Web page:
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Sep 9

Written by: Diana West
Sunday, September 09, 2007 7:16 AM 

Michael J. Mooney of the Dallas Morning News has unearthed a maturity-challenged new subculture (at least new to me): grown men in the 40s and 50s who will do anything to … skateboard.

Often ducking the police, these middle-aged thrashers jump the fences of closed motels to sip beer and grind their boards across the empty pools. They trespass into back yards. They swarm local skate parks, speeding past kids half their age.
They also own their own businesses. They have families and mortgages and disposable incomes.
"I vote Republican," said Stubbs, [one of the skateboarders] who lives in Dallas.

See? The so-called Daddy party is prey to death-of-the-grown-up syndrome, too.
"There is something about being out there, that feeling of freedom." says Stubbs. "Even if you wanted to give it up, you couldn't."

Well, what mental 12-year-old could? Of course, these grown men have tools and know-how at their disposal no chronological 12-year has.

[Stubbs’] favorite tool is Google Earth. He can scan a satellite view of neighborhoods around his house for dirty pools. When he finds one on the map, he calls his buddies.
"I wear my slacks and nice shirt, and sometimes I carry a clipboard," Stubbs said. "I even have a sign for my car that says we are a pool cleaning company."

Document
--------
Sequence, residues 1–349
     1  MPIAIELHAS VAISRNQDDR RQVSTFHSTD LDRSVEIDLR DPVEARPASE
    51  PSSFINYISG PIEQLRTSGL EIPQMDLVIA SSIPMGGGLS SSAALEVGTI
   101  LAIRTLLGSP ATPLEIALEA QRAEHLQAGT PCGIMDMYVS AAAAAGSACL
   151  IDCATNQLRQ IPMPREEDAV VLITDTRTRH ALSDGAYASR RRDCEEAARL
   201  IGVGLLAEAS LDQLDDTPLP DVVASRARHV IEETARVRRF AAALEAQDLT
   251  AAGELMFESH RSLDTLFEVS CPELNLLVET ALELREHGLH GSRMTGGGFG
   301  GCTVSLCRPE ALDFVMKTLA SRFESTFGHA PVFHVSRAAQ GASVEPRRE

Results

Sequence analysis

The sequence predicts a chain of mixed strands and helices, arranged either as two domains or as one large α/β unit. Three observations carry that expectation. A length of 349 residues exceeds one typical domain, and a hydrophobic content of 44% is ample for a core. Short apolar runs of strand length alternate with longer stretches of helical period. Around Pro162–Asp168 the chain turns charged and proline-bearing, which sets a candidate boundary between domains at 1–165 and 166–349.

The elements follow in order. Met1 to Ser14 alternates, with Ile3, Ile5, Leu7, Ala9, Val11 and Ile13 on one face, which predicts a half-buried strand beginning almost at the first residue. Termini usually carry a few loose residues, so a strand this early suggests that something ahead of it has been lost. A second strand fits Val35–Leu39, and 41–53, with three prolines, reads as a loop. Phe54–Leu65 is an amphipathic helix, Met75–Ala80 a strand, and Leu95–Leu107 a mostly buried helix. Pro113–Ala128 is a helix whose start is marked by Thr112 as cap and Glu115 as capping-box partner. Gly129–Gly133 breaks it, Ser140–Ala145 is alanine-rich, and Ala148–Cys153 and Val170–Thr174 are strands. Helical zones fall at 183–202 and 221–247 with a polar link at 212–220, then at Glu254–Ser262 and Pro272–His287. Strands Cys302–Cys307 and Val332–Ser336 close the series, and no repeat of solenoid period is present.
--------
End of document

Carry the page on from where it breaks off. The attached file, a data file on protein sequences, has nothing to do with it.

He explains to the owner of the dirty pool that he and his friends have a pump and can clean their pool, free of charge. All he asks in return is a few hours to skateboard in the clean pool. He even brings liability release forms he's had his lawyers draw up.

That’s, um, mature of him. Of course, boarding oldsters have more on their minds that impersonating swimming pool cleaners; indeed, they are not impervious to honest-to-goodness intimations of mortality.
As he shows off his longer, "surf-style" board to kids in Irving, Stubbs is pensive. He knows he can't skate forever. He discusses the legacy he and his friends want to leave for young skateboarders in Texas.
He has approached Dallas officials, asking for a public concrete skate park. The skaters want "Texas-size" parks that can't be disassembled or bulldozed.
"We want huge monoliths to leave for the future of skateboarding," Stubbs said. "We don't want something someone can destroy the next time skating isn't popular. We're now taxpaying citizens and have a bigger voice. We're ready to parlay that clout into a voice at City Hall."

Huge monoliths for the future of skateboarding? That's democracy in action for you, perpetual adolescent-style.

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